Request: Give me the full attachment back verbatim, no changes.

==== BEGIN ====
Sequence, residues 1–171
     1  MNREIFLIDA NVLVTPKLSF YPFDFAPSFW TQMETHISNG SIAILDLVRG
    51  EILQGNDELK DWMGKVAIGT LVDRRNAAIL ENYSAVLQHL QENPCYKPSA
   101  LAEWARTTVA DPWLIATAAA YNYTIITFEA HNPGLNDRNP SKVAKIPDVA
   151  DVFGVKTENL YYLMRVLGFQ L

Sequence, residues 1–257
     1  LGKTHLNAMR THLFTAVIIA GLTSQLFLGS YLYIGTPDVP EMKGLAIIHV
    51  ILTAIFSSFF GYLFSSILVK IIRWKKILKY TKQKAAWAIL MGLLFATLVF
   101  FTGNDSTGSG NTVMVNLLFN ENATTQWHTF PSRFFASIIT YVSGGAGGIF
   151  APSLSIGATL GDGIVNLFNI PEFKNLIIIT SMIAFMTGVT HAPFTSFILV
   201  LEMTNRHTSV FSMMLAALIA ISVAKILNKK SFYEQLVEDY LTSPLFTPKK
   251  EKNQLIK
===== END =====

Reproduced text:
Sequence, residues 1–171
     1  MNREIFLIDA NVLVTPKLSF YPFDFAPSFW TQMETHISNG SIAILDLVRG
    51  EILQGNDELK DWMGKVAIGT LVDRRNAAIL ENYSAVLQHL QENPCYKPSA
   101  LAEWARTTVA DPWLIATAAA YNYTIITFEA HNPGLNDRNP SKVAKIPDVA
   151  DVFGVKTENL YYLMRVLGFQ L

Sequence, residues 1–257
     1  LGKTHLNAMR THLFTAVIIA GLTSQLFLGS YLYIGTPDVP EMKGLAIIHV
    51  ILTAIFSSFF GYLFSSILVK IIRWKKILKY TKQKAAWAIL MGLLFATLVF
   101  FTGNDSTGSG NTVMVNLLFN ENATTQWHTF PSRFFASIIT YVSGGAGGIF
   151  APSLSIGATL GDGIVNLFNI PEFKNLIIIT SMIAFMTGVT HAPFTSFILV
   201  LEMTNRHTSV FSMMLAALIA ISVAKILNKK SFYEQLVEDY LTSPLFTPKK
   251  EKNQLIK